Adapted from Chapter 11 of An AASLH Guide to Making Public History
While Aristotle didn’t actually coin the exact phrase, “The whole is greater than the sum of its parts,” he is credited with the philosophical concept.
Most of us have seen this concept at work on sports teams (particularly when a HUGE underdog wins). This is true in music too (I’m formally studying it as it applies to the Allman Brothers Band). But in the world of museums and nonprofits, this concept often bears fruit in the partnerships and collaborations we establish.
Alexis de Tocqueville observed this tendency in his early nineteenth-century treatise on the nascent American republic, Democracy in America. Tocqueville highlighted Americans’ proclivity to work in concert in both the political sphere and in public life. “I have often admired,” he commented, “the extreme skill with which the inhabitants of the United States succeed in proposing a common object for the exertions of a great many men and in inducing them voluntarily to pursue it.” In many ways, American state and local history reflects this principle. It is an example of democracy in action.
Tocqueville called these activities “Public Associations in Civil Life.” “Americans of all ages, all conditions, and all dispositions constantly form associations…. associations of a thousand other kinds, religious, moral, serious, futile, general or restricted, enormous or diminutive…. If it is proposed to inculcate some truth or to foster some feeling by the encouragement of a great example, they form a society.”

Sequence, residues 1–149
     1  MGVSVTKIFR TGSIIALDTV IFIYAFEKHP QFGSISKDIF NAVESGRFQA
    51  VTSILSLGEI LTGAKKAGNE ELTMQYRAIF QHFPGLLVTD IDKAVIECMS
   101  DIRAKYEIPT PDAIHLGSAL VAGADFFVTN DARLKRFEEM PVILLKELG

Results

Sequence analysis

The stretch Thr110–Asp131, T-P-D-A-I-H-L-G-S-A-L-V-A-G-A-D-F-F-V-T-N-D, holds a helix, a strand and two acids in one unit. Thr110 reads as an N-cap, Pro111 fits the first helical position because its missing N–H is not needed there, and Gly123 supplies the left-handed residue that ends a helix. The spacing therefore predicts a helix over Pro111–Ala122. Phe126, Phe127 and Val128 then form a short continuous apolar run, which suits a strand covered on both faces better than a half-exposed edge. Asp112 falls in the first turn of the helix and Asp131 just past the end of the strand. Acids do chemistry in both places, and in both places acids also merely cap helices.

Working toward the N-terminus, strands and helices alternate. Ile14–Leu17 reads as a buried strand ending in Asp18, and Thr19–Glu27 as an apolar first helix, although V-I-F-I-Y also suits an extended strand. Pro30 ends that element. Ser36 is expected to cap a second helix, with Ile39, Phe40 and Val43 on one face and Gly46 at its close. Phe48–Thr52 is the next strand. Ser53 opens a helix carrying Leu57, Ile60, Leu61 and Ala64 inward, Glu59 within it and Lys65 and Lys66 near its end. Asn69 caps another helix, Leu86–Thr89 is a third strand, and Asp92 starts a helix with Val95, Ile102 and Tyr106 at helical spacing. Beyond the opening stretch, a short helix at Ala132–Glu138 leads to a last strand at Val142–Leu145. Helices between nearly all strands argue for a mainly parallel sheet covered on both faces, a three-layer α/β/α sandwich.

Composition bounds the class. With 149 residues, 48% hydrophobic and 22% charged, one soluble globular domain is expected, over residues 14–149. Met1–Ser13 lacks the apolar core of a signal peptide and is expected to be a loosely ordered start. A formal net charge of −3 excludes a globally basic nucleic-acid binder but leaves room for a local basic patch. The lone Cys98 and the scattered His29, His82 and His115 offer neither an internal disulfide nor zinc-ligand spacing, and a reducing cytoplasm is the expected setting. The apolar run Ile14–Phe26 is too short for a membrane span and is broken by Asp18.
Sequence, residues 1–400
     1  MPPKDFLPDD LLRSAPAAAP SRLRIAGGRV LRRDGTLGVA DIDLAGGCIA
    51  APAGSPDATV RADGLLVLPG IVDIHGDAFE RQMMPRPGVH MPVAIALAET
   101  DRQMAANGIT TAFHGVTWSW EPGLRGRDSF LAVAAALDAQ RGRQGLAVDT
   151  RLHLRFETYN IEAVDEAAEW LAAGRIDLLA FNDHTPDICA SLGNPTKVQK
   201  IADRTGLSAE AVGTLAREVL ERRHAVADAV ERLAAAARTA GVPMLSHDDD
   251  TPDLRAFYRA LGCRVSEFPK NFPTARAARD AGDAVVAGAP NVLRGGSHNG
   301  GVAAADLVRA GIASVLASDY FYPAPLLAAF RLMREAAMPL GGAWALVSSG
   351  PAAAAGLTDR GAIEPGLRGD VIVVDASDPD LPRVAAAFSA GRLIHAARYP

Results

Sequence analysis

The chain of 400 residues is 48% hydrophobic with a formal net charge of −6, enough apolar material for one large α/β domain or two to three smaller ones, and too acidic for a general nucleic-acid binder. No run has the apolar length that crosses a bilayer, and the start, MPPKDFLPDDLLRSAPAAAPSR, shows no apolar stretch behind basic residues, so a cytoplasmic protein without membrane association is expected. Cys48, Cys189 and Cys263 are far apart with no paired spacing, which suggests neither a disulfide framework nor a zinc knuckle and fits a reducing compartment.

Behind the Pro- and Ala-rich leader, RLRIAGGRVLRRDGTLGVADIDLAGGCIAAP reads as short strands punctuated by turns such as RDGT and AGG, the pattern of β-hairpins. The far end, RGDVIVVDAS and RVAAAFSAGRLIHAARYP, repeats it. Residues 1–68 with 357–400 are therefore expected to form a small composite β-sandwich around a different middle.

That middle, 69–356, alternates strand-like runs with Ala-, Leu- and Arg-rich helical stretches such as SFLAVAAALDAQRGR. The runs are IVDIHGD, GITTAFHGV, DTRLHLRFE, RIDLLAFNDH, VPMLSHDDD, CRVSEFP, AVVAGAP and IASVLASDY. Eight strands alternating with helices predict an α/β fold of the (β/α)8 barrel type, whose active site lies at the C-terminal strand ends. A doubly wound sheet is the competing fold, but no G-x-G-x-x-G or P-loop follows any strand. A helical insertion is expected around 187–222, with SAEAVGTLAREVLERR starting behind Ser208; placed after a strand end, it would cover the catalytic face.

In America, Toqueville discovered a nation of joiners. “Nowhere is this more evident,” James M. Vaughan articulated in an essay in Zen and the Art of Local History, “than in our efforts to save our local history and historic structures.” “Soon after the creation of the republic,” Vaughan continued, “community leaders and scholars organized themselves into state and local historical societies.” Tocqueville found this joining together as inherent in the American experiment of self-government. Americans clearly reflected this in their history organizations.
There is little that stops the creation of a new museum or history organization. While there are certainly constraints precluding the activity, all in all, the founding of a new institution pretty easy. It’s the “keeping open” (sustainability) part that is hardest.
In previous posts I have highlighted how Entrepreneurship, Change, Transformation, and Possibility fit into the sustainability equation. This introduces another concept, one we know well: Collaboration. The goal for true collaboration it to achieve Aristotle famous precept, “The whole is greater than the sum of its parts.”
Vaughan’s essay in Zen and the Art of Local History highlights some of the challenges the history field faces in collaboration. “Our pride of independence coupled with our competitive spirit” counters the inclination to join others in common cause. “These traits become barriers to collaborations, partnerships, and mergers.” Vaughan asked if we could “learn to put the needs of our communities ahead of the more narrow needs of our own organizations?” Many believe we can.